It’s Anniversary weekend and once again it seems like, despite the huge number of events going on little effort is being made to provide quality public transport options for those travelling around Auckland and going to these events.
- Buses are only operating to normal timetables, which means low frequencies on many routes and an earlier than normal end to services. Not great for those visiting events like the Laneway Festival that finish quite late.
- Trains aren’t even running on the Western Line and on parts of the Southern Line
Events are opportunities to get people to give public transport a try, which is important as our system has improved dramatically over the past decade and may be much better than people remember it. Therefore it’s important that Auckland Transport focuses more on getting public transport right for major events.
This reminded me of some observations on previous Anniversary weekends, in particular this post from two years ago, which I’ve posted below in full.
I’ve had two pieces of feedback following PT for Auckland Anniversery events on over weekend. The first is from reader Jeff
My friend started out with “Meet me at mine, Mt Eden, it should be a $15 Uber from here”.
To which I said “I was thinking of Biking to the Train station, leaving the bikes there then catching the train in, It feels silly to not use PT into the CBD”
And such was my argument to my friend Matt who kindly cycled to my place from Mt Eden, to catch the train into Britomart for Laneway Festival at 2pm on a Monday.
And it was a good experience, a short ride downhill followed by a “Feels longer than it should” train trip into the city. In no time at all we were in the usual gridlock of Te Whero Bridge. (of course Matt would have been here half an hour ago if he took an Uber)
After the festival, come 10pm, we were done, ready to board a train at Britomart, destined for Onehunga to start the cycle home. Upon entering Britomart, it was desolate. The train signs on the board read Penrose, Newmarket & Waitakere. No Onehunga, and the last train on the board was a half hour away.
We were tired, grumpy, and had work the next day. as two slightly out of our comfort zone 30 year olds, professional jobs beckoned in the morning and enough was enough – Cue Uber. Surge pricing, equally long waits – One wonders if this could have been mitigated if trains were operating at a festival appropriate frequency.
We found a cab, and I uttered the most absurd phrase I have ever uttered. “can you take us from here to Onehunga Train station please?”
Sometime later we were back in Onehunga, we grabbed the bikes, and commenced the ride uphill to our respective homes. (along the new & lovely Onehunga Mall cycle lanes). There is no way I’ll ever talk my friend into trusting the trains again.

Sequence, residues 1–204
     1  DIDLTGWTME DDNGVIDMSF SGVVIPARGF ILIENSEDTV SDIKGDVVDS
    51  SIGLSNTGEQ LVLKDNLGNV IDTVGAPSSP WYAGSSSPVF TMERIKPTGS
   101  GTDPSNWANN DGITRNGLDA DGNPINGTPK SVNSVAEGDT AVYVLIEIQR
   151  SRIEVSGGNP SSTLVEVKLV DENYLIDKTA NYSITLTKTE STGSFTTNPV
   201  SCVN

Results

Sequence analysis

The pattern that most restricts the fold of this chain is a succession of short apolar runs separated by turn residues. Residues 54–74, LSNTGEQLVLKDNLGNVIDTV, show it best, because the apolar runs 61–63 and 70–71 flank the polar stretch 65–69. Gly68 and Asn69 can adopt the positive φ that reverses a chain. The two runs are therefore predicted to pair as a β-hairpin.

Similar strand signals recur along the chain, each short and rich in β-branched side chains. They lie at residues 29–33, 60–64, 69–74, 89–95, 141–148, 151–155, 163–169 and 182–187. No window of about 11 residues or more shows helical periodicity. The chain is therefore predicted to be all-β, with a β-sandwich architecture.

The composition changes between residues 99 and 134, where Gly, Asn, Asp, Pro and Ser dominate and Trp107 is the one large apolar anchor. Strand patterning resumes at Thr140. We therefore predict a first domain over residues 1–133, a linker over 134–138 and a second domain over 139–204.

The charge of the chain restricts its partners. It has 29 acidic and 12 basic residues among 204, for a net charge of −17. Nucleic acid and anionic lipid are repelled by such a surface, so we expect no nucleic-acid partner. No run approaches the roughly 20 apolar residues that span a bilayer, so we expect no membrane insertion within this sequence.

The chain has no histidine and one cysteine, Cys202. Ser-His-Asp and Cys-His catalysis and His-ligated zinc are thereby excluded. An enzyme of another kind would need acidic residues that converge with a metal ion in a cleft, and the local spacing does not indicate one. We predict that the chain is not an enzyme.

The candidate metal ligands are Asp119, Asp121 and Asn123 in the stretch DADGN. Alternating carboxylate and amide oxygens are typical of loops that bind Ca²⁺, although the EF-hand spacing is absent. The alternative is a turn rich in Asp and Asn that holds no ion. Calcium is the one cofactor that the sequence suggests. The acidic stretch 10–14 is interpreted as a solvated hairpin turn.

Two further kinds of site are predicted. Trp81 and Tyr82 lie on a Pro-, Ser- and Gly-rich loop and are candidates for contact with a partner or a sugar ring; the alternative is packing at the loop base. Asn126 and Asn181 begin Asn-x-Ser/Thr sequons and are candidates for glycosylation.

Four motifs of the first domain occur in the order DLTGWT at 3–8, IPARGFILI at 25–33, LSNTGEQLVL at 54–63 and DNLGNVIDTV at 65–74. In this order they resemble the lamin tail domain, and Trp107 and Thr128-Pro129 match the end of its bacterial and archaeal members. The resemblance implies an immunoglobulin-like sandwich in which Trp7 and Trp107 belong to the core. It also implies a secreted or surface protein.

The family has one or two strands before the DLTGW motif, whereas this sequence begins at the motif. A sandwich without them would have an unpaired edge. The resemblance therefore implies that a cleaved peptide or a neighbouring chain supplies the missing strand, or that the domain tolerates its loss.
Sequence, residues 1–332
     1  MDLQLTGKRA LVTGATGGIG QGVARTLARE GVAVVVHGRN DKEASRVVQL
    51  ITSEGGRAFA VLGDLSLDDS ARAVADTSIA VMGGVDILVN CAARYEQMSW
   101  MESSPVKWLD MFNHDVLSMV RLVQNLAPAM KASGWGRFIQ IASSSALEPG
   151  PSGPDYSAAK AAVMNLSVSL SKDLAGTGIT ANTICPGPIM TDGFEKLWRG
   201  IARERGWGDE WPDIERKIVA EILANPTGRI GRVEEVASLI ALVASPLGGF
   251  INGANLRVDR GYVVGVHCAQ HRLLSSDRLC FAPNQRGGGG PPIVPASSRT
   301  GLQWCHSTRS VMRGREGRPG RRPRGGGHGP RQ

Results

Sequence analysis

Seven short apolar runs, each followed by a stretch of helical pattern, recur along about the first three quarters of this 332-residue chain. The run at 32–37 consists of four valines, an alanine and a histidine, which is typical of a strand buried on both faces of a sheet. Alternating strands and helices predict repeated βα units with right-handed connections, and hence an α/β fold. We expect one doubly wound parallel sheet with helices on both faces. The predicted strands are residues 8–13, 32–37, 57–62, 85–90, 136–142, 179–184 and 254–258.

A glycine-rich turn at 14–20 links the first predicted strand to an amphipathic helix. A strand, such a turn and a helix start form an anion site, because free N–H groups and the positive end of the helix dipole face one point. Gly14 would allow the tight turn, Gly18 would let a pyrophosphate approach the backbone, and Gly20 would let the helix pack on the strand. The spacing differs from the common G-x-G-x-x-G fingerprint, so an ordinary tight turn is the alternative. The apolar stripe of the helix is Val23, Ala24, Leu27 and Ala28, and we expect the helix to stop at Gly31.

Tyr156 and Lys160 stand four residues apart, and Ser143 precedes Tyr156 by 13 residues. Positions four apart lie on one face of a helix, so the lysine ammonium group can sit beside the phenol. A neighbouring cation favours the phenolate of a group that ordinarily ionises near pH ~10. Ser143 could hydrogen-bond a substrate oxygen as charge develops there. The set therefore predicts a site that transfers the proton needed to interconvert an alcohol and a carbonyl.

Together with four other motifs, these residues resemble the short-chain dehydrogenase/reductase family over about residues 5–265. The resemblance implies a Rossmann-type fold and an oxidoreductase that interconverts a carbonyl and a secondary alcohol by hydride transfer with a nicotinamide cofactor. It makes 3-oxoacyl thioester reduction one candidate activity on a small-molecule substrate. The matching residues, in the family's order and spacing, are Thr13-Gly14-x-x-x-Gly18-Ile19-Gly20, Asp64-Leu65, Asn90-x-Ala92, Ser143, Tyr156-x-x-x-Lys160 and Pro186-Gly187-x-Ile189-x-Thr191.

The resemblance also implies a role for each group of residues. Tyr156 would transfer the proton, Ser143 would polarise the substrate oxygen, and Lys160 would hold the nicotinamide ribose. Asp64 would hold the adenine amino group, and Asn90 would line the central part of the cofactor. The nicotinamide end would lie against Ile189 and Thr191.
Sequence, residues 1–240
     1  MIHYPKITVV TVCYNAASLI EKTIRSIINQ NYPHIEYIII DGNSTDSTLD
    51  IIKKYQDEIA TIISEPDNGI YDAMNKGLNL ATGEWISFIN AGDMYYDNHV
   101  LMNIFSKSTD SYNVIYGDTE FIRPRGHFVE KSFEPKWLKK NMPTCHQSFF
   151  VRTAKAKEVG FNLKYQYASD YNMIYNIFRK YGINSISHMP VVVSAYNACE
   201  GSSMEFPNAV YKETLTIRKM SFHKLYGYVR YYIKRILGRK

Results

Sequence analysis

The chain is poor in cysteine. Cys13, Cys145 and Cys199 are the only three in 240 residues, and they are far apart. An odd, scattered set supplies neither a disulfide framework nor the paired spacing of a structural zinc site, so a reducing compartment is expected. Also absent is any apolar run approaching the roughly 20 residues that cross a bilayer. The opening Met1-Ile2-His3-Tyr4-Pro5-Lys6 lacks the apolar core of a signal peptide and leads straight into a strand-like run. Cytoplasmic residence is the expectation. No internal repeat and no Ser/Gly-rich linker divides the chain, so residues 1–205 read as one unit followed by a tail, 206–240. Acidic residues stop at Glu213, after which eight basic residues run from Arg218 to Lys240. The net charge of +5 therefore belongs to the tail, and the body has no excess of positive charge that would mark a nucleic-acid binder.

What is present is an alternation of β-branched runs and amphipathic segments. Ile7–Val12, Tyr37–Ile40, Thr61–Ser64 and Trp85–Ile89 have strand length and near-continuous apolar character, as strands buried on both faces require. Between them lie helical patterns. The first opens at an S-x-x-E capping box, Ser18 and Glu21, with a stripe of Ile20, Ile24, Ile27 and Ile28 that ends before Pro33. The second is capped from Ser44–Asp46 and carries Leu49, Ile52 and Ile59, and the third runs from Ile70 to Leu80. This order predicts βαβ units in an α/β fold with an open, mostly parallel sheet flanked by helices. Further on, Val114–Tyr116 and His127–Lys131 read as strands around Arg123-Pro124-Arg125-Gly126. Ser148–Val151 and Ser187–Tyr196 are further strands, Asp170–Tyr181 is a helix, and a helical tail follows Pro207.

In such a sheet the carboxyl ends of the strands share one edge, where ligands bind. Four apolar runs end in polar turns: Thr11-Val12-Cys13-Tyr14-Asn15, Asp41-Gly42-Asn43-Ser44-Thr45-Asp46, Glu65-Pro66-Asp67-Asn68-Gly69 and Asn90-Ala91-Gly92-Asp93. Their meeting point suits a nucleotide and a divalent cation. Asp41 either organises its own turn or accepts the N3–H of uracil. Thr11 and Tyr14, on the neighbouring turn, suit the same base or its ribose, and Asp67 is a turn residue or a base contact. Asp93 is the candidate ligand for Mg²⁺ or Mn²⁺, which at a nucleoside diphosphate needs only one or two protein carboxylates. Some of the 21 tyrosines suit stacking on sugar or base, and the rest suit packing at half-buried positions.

My questions to AT are;
- Was there a PT plan for this festival?
- Do you have a planning team responsible for PT during events?
- Was there a train coming? if not, why wasn’t it on the board? There was no way to check, and ‘waiting to see’ was unacceptable.
- Is this the experience a casual train user should be confronted with?
- How can you expect to compete with Uber or generic Taxis on trust, when they often provide a better ‘turn up and go’ service?
I realise this is an anecdotal experience, but if this was my experience, what of the other 10,000+ Laneway, or other Auckland wide event attendees?
And the second is from reader who had a number of observations from Sunday
Standard anniversary weekend public transport troubles occurring again, with hopeless Sunday timetables failing to cope with CBD crowds. Saw NEX at 4.30pm leave 10 plus people behind, and Mt Eden bus at same time was jammed.
There were huge numbers of people in town for fireworks last night, though most had choice of one or 2 services to get home. Same likely tonight with Laneway finishing at 10.30pm, and all trains gone, and only handful of buses. Plus despite official Council programme saying all trains running, there was nothing past Penrose or Sylvia Park. People have learnt to use event PT now, so expect it at major events. ATEED and AT need to get their act together, as leaving new users stranded is a very bad look, and puts people off. Saga will repeat itself again for Lantern festival in a few weeks time. Another good fix would be upping Sunday timetables to meet Saturday frequencies, many 20 or 30 rather than 15 minute frequency
Getting these experience wrong has long term impacts on how people perceive PT. It’s well beyond time that that AT should have learnt this by now, as Luke pointed out, people have learnt to use PT for events now so it’s up to the authorities to respond to that and provide it to an acceptable standard.